Artificial heart valves have been made in the past with a variety of methods. In accordance with one approach, the valve is made through die casting or injection molding whereby the case and stint of the valve as well as the vane arranged in the interior of the case are made in one operating step. However, in accordance with the requirements for casting, the walls of any parts involved must have a certain minimum thickness. This, then, means that, on one hand, the valve case (stint) can be appropriately selected in accordance with its requirement as these requirements are such that the case wall will be thicker than the minimum thickness of the device. On the other hand, the vanes for the flaps are too thick when they have to meet the minimum thickness requirements. Accordingly, these vane and flap elements are in fact inordinately thick for satisfactory operation.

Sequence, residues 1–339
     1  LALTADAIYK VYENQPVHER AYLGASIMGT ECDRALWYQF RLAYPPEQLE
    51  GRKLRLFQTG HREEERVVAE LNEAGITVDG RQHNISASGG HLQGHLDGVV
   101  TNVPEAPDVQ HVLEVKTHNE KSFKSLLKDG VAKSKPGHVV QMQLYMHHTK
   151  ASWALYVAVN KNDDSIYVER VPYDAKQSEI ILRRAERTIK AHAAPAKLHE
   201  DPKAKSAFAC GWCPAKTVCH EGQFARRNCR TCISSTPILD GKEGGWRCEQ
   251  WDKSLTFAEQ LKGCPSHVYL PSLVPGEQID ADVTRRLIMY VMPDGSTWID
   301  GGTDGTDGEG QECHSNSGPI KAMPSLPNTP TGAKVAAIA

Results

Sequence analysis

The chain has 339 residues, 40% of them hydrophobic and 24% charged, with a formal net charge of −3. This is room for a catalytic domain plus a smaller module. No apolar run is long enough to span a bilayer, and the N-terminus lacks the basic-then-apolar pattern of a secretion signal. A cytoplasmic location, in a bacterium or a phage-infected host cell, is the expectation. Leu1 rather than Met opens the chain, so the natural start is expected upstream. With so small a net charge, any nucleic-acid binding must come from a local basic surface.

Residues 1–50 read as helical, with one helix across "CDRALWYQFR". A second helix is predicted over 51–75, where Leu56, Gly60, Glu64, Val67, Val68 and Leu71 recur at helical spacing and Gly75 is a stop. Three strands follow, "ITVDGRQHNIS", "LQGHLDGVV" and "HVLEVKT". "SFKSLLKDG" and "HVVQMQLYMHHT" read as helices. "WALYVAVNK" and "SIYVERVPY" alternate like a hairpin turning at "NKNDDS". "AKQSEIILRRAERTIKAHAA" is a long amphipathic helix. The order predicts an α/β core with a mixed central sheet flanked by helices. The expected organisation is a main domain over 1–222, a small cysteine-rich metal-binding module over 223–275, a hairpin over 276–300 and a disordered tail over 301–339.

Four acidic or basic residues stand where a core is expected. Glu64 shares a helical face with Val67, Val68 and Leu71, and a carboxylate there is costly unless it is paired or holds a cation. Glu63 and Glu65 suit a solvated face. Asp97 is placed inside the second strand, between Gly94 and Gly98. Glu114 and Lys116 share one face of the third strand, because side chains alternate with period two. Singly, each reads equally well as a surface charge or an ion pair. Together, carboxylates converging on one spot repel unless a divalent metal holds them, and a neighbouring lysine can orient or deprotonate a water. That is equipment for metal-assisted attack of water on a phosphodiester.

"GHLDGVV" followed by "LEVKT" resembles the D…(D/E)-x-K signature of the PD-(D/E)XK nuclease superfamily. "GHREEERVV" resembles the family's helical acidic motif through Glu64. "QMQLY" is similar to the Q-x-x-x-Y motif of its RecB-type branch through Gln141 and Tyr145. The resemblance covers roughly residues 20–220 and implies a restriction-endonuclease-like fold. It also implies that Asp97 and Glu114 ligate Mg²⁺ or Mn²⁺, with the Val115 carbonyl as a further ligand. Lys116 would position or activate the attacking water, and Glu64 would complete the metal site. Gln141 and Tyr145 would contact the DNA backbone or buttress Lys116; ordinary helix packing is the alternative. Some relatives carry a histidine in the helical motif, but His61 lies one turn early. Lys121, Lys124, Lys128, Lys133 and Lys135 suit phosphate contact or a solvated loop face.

In accordance with a different method, the case for the valve is made separately from the vane and flap whereby the case, for example, is made as an annulus and the flap and vane is made separately to be connected to the case subsequently, for example, by means of bonding. This bonding by means of an adhesive is carried out manually. Moreover, it is almost inevitable that certain unevennesses appear in the transitions between vane and case. Moreover, certain adhesive residue may accumulate more or less at random. All these factors result in unevennesses of the surface of the several parts. The very fact that the material involved is inhomogenic and that the surfaces are not even, makes it inevitable that within a very short time certain deposits appear at these unevenesses which deposits are of a cellular nature and involve interalia components of the blood. As a consequence, calcification occurs subsequently and impedes the blood transmission up to a point of complete blockage.